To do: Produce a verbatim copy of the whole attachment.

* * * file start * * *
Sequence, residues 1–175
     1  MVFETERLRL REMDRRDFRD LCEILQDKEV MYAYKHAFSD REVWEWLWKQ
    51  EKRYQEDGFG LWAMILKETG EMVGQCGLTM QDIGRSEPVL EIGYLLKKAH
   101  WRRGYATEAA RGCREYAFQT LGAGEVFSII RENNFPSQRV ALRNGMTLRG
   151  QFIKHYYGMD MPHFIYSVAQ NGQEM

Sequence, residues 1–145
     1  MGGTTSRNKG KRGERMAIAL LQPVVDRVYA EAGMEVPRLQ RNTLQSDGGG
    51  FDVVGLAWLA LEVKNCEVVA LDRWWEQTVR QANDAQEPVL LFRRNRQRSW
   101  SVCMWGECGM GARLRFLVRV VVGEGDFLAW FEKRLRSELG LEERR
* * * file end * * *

Sequence, residues 1–175
     1  MVFETERLRL REMDRRDFRD LCEILQDKEV MYAYKHAFSD REVWEWLWKQ
    51  EKRYQEDGFG LWAMILKETG EMVGQCGLTM QDIGRSEPVL EIGYLLKKAH
   101  WRRGYATEAA RGCREYAFQT LGAGEVFSII RENNFPSQRV ALRNGMTLRG
   151  QFIKHYYGMD MPHFIYSVAQ NGQEM

Sequence, residues 1–145
     1  MGGTTSRNKG KRGERMAIAL LQPVVDRVYA EAGMEVPRLQ RNTLQSDGGG
    51  FDVVGLAWLA LEVKNCEVVA LDRWWEQTVR QANDAQEPVL LFRRNRQRSW
   101  SVCMWGECGM GARLRFLVRV VVGEGDFLAW FEKRLRSELG LEERR